Birmingham is the capital of the English Midlands, the heart of British manufacturing, with more canals than Venice and a cornucopia of nineteenth- and twentieth-century architecture.
The city is the heartland of the English midlands and of British industrial history, the centre of the canal system, the headquarters of the steam-engine pioneers Matthew Boulton and James Watt, home of a myriad of small craft industries and the historic focus for much of the British motor-industry.
Its surviving Victorian heritage is a monument to the prosperity and civic pride of the nineteenth century and its modern development is a continuing saga of conflicting ideas about the built environment.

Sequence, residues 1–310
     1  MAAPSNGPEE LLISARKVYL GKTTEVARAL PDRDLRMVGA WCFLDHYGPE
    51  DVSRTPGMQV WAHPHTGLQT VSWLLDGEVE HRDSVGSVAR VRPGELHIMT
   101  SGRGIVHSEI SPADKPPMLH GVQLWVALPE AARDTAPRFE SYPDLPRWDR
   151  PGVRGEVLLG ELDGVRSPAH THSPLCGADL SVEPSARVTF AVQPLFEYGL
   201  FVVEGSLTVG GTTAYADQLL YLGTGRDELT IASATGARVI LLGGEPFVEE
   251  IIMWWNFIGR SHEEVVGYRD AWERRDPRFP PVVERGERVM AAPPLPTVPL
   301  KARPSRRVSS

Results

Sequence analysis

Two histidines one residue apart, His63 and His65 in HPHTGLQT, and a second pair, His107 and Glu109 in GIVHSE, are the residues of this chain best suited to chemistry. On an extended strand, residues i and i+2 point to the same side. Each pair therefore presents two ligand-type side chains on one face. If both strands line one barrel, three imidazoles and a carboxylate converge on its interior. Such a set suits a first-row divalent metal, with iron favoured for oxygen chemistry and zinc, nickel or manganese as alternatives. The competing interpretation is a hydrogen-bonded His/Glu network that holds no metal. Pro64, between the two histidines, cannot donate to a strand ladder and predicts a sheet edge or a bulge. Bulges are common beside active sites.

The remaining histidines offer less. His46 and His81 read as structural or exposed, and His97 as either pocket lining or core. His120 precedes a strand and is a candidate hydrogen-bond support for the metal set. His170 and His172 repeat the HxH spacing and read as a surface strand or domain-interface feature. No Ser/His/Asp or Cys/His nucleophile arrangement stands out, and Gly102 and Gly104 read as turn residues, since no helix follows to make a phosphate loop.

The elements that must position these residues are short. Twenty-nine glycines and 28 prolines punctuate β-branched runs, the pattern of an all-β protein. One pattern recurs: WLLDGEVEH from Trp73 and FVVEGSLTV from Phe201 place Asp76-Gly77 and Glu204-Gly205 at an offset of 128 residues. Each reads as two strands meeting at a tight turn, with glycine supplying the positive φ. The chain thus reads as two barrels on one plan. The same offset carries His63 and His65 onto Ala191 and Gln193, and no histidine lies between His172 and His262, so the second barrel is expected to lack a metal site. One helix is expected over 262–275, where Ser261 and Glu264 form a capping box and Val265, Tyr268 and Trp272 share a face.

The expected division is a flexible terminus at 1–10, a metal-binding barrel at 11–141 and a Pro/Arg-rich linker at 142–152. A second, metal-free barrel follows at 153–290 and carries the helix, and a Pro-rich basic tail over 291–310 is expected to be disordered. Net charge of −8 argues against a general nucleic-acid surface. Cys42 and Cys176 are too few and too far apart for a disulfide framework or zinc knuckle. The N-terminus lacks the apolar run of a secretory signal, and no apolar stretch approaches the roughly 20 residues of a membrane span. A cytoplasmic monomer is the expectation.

This lecture provides an introduction to the Birmingham’s major historic buildings, including its two cathedrals and the Town Hall, its best modern buildings, such as Symphony Hall and the new Library of Birmingham, and examples of the fine terracotta architecture for which the city is famous.
For background information about some of the places included in the lecture, please click here.